Elvis impersonator delves into haunting songs from New Brunswick's past
Mike Bravener finds tragedy, loss, joy and resilience in 19th-century music
The East Coast songbook is replete with some pretty iconic folksongs.
Nova Scotia has its Farewell to Nova Scotia and Barrett's Privateers.
Newfoundland and Labrador has I'se the B'y and Sonny's Dream.
Acadians have Ave Maris Stella and Réveille.
But when it comes to English songs that truly represent New Brunswick, it's hard to think of any that are quite as famous.
That's the inspiration behind Fredericton musician Mike Bravener's latest project.
Bravener is known as an Elvis impersonator, but he's now working to revive some much older music, songs that originate closer to home.
"When you listen to them, I find myself almost seeing ghosts," Bravener said.
Bravener is recording a compilation of New Brunswick folksongs that date back to the 1800s or earlier.
"It's like I'm transported back in time, when pioneering people worked the woods, or worked in the shipyards, or worked the fields at home."
"Somehow it's warm feeling. It's haunting. It's listening to our forefathers describing what they experienced as daily life."
Bravener started exploring New Brunswick folk music for a job at Kings Landing Historical Settlement.
He was playing a character named Abraham Munn, who was born in Holtville, near Boiestown, in 1858.
Munn wrote the melody to one of New Brunswick's most famous folksongs.
Peter Emberley is a lament based on the true story of a young man who died in a logging accident in the Taxis River area of central New Brunswick.
Munn also wrote a song about the infamous Dungarvon Whooper, the wailing ghost of a murdered lumber camp cook, said to have haunted the Dungarvon River area in the mid-1800s.
Bravener played both songs for a patron at Kings Landing one day and was inspired by how well they were received.
Beaverbrook showed interest
"All of a sudden, lights went on and bells started ringing," recalled Bravener.
He decided to commit himself to learning more New Brunswick folk music.
Much of what is known about that music comes from recordings commissioned by Lord Beaverbrook in the late 1940s and gathered by a woman named Louise Manny.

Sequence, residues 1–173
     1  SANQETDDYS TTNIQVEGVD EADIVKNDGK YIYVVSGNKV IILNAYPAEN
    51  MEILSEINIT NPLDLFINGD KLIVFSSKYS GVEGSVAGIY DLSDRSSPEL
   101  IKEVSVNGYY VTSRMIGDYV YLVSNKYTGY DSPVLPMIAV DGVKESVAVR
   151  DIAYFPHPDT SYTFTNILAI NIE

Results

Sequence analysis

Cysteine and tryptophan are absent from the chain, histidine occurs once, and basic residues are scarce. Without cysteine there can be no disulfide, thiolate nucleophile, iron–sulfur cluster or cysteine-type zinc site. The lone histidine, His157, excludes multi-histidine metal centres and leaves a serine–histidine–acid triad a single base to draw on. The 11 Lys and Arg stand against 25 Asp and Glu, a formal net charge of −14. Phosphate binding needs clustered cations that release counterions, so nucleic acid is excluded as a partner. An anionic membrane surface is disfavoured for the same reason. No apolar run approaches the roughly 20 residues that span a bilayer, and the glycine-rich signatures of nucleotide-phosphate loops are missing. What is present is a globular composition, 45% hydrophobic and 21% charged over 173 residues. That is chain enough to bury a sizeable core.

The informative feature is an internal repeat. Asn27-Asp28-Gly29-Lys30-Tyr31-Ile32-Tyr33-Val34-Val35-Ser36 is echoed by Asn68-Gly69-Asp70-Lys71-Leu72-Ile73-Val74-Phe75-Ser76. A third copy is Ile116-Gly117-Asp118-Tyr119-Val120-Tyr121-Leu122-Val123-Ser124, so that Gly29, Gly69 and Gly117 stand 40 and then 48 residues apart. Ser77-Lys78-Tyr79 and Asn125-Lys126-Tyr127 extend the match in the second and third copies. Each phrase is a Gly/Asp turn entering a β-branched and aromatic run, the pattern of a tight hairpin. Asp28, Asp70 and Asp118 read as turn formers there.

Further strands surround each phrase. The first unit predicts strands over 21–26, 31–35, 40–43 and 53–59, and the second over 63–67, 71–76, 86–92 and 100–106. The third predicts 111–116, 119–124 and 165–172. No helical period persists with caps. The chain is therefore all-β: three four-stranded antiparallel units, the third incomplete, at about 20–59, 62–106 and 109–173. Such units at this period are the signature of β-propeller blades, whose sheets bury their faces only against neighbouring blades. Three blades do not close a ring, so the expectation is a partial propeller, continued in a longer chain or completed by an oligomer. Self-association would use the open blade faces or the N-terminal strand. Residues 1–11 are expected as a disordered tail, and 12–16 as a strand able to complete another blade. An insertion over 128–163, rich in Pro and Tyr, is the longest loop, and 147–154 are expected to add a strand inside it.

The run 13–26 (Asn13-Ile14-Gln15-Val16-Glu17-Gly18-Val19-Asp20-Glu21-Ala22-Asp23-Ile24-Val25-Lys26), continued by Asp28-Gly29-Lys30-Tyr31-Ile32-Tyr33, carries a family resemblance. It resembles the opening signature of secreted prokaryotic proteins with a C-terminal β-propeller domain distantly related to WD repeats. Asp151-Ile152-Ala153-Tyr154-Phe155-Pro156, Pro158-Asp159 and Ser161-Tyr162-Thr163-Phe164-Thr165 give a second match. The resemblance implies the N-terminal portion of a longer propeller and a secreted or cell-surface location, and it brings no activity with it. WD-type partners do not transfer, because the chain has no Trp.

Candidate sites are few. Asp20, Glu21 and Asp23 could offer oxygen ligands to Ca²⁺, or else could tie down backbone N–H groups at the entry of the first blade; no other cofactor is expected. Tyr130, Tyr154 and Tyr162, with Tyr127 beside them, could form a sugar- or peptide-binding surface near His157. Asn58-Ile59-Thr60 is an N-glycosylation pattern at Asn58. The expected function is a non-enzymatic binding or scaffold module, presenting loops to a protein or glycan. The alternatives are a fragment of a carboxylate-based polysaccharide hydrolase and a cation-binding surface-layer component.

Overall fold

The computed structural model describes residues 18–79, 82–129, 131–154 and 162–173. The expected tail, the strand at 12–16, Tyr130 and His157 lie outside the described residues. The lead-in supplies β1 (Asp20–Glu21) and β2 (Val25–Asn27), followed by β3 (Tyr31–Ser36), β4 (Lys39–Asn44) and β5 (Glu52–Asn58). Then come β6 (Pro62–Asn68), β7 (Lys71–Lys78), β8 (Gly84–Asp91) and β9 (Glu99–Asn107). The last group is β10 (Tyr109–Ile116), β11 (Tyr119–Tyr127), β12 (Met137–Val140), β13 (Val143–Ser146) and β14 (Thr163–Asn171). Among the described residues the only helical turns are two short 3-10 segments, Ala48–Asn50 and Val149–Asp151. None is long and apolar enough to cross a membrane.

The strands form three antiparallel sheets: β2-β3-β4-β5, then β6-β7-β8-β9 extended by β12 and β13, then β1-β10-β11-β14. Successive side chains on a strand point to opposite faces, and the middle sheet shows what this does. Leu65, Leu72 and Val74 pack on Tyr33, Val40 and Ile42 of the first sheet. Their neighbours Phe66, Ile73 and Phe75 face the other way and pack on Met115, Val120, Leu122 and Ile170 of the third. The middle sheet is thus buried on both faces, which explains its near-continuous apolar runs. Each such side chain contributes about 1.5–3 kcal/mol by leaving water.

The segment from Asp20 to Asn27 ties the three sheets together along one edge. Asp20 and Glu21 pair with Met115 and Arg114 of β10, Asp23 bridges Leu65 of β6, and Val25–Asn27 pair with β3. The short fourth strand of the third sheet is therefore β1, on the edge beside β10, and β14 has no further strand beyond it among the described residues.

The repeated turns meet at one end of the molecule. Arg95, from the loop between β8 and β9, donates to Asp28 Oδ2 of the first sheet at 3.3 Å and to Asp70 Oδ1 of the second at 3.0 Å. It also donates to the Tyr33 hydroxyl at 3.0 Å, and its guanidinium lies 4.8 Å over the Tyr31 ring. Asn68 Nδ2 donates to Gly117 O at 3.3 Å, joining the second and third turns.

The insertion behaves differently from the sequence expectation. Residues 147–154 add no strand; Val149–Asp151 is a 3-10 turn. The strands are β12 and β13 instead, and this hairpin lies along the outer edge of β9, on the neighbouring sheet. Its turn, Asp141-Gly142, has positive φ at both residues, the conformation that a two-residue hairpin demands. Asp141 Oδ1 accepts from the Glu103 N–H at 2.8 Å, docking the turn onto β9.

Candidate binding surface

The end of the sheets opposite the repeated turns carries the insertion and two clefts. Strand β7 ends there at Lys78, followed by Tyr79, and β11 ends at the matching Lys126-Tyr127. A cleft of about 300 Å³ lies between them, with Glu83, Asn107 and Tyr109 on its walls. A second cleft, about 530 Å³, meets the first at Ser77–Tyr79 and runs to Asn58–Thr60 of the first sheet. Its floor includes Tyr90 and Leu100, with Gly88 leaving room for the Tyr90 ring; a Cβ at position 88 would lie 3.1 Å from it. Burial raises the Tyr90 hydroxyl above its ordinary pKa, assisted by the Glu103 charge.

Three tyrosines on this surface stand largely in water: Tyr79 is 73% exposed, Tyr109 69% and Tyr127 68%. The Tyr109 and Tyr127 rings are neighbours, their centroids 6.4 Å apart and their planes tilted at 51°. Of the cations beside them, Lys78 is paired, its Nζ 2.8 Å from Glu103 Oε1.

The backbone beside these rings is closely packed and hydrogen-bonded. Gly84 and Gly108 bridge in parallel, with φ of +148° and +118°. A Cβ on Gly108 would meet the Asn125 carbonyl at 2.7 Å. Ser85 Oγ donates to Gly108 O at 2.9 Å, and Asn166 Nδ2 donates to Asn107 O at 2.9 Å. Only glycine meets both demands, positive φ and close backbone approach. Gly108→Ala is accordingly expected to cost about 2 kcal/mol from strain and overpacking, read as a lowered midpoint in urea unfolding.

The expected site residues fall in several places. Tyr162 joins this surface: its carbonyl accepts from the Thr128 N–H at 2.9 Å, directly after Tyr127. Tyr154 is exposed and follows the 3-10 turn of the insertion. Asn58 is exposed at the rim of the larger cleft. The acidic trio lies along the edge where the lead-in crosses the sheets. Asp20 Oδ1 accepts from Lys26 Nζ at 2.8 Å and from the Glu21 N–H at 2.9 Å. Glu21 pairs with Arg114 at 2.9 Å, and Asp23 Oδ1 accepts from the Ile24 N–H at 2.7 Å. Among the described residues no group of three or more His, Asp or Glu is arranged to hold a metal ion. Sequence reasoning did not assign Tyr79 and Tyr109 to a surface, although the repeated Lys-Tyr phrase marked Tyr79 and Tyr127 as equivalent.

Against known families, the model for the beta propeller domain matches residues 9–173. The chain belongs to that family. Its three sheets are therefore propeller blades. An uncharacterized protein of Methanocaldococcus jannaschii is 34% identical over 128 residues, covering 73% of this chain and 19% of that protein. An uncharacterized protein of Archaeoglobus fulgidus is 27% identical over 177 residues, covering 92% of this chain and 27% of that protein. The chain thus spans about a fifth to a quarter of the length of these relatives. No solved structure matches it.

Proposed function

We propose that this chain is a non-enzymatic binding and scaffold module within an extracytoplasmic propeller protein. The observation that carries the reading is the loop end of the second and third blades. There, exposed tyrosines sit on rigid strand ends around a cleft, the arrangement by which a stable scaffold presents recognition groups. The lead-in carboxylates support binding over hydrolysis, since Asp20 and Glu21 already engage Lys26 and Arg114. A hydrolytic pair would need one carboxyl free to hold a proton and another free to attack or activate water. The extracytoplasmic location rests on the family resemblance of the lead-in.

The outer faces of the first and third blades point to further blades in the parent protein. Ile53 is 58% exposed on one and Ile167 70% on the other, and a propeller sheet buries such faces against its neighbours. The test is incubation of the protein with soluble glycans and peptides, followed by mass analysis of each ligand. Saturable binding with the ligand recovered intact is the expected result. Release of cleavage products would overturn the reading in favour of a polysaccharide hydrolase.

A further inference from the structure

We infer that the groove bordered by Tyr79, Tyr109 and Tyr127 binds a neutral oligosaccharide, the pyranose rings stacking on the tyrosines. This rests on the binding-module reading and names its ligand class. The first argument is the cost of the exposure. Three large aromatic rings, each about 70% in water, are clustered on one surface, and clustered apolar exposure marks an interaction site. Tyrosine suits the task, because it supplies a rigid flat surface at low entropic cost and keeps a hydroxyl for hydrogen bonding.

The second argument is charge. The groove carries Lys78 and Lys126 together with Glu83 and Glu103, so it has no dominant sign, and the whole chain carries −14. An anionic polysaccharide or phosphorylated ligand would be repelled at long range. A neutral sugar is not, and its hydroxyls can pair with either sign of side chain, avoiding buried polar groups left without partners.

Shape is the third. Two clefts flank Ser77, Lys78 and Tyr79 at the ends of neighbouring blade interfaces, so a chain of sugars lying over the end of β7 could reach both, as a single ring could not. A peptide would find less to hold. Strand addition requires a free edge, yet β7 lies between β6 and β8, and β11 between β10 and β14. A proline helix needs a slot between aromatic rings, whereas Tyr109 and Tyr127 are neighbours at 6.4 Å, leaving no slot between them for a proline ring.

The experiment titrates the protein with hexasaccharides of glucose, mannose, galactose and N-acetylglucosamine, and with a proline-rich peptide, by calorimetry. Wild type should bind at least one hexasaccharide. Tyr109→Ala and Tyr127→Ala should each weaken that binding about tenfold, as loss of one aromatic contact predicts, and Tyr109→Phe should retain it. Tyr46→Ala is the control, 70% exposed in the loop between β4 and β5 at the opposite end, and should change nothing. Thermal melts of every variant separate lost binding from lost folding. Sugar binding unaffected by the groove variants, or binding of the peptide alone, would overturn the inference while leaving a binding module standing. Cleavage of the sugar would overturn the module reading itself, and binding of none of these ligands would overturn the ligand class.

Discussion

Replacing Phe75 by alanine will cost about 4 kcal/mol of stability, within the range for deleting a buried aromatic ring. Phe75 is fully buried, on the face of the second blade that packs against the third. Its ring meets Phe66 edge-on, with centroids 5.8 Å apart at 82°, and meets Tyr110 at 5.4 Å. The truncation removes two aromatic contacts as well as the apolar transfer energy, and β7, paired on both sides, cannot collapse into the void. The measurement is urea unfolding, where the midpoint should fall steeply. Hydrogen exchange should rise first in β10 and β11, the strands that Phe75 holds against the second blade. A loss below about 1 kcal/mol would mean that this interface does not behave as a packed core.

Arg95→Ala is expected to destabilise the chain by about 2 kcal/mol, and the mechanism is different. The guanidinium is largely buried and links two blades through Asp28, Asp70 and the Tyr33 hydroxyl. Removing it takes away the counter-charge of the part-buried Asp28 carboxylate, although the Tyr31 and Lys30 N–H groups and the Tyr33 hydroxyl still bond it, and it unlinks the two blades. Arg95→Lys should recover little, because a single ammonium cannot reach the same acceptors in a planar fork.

Her nearly 800 recordings are all at the Provincial Archives of New Brunswick.
Bravener has heard about 100 of them and committed 20 or 30 to memory.
It's endearing. The people that sang these songs, they weren't trying to be the best singers in the world. It's imperfectly perfect.- Mike Bravener
He describes the collection as a gold mine of stories about the people of New Brunswick — stories of tragedy, loss, joy and resilience.
"My heart now is just so tied in to these people that I read about and I sing about, and I have this incredible appreciation for just how tough New Brunswickers are," he said.
"We're here because of the sacrifices these people made. These people have formed who we are, and we are a great people. … We are an incredible people."
As for the sound, Bravener described it has having a "folky-country" feel, with Irish, Scottish and English influences.
"It's endearing. The people that sang these songs, they weren't trying to be the best singers in the world. It's imperfectly perfect."
Some of Manny's recordings have been released on two albums by the Smithsonian label Folkways.
But they don't have backup vocals or instrumentation.
And Bravener said there's no other recording where you can find 12 New Brunswick songs in a single collection.
Bravener plans to release his compilation in March.
He said he is trying to stay true to the melodies and arrangements but also give them a more modern, contemporary treatment.
with files from Information Morning Fredericton